Summoned by Rafael, Ray looked upon the bewildered Almighty One (who was still somewhat preoccupied with the choc shake that had been placed in His hand). Turning to his aide, Ray said "Thanks Rafael. Oh, while you’re here, I’d like you to keep an eye on the litter outside the restaurant: don’t forget, first impressions come through the eyes and nose. Remember – ".

"Yeah, I know" replied Rafael with a smile, "if you have time to lean, you have time to clean". With a laugh, he was off.

Ray turned to face the CEO, mentally rubbing his hands with glee. Just like old times back in ’54 when he made his opening pitch to brothers Dick and Mac in San Bernardino. Thrusting out his hand and smiling broadly, "The name’s Kroc. Ray Kroc …"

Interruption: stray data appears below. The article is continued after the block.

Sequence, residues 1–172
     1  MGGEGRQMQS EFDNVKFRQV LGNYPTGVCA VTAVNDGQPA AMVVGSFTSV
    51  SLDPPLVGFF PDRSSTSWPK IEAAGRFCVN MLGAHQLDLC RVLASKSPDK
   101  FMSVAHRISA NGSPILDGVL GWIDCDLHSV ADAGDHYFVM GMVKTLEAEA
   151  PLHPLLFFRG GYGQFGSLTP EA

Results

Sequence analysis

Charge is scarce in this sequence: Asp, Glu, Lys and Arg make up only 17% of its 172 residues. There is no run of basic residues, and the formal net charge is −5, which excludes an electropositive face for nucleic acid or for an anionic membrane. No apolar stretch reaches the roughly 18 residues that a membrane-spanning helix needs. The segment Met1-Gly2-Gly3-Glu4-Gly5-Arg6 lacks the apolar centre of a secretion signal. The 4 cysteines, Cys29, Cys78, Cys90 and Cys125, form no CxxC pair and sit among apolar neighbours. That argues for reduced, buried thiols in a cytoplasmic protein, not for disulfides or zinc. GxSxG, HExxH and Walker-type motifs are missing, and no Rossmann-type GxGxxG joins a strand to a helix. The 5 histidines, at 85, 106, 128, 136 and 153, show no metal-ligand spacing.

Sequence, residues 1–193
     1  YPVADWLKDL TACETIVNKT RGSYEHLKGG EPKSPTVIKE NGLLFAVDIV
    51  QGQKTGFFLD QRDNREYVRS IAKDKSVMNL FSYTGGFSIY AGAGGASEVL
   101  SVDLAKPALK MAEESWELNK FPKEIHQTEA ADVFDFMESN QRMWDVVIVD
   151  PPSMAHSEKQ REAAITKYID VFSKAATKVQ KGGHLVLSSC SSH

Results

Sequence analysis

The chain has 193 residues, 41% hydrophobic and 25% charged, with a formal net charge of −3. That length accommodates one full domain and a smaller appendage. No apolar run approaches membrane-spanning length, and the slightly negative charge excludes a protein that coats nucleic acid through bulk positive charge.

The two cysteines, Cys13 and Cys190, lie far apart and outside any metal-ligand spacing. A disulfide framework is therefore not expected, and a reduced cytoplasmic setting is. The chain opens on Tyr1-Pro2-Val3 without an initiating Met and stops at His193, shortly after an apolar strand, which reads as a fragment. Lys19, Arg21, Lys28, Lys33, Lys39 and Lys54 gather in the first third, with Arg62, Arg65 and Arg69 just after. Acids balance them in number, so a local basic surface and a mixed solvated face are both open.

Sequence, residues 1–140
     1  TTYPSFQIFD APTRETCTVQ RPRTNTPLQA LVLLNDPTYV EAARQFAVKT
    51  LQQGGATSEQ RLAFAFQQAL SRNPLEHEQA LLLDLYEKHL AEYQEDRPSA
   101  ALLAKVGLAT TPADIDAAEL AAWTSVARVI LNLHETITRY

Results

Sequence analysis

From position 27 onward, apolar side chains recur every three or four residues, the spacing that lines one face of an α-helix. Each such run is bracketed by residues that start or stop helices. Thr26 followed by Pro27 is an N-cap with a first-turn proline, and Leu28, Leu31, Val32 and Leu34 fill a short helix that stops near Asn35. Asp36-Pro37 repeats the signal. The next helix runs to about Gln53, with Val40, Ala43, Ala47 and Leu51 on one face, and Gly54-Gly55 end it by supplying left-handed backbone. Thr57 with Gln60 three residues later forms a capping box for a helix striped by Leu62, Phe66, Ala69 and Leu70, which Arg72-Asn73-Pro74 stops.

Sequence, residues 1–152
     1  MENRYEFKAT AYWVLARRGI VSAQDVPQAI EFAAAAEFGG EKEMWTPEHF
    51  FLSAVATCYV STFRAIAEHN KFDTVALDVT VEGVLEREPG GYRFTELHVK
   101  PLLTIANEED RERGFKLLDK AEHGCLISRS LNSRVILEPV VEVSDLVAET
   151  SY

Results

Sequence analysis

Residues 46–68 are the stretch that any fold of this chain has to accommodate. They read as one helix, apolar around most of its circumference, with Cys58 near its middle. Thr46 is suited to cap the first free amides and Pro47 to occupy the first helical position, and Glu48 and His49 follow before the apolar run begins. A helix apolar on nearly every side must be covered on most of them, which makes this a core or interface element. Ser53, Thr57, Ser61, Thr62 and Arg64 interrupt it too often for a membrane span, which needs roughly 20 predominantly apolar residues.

"…you’ve got a pretty neat set-up here, but you’ve gotta follow the trends" said Ray, and then with pride "so you see, I’ve added a few wrinkles of my own. For example, people nowadays are tired of the same old traditions and rituals. What they want is fast, clean and efficient service, and from an easily identifiable venue. And never forget the kids …" (then, with narrowed eyes) "say, how’s about trading that bed sheet for something a little more homely, like big red floppy shoes, baggy pants and…"

The End

Copyright © 2004 by Shaun A. Saunders

Bio:Shaun is a 38 year old psychologist living in New Castle, Australia. His last appearance in Aphelion was Curtain Call .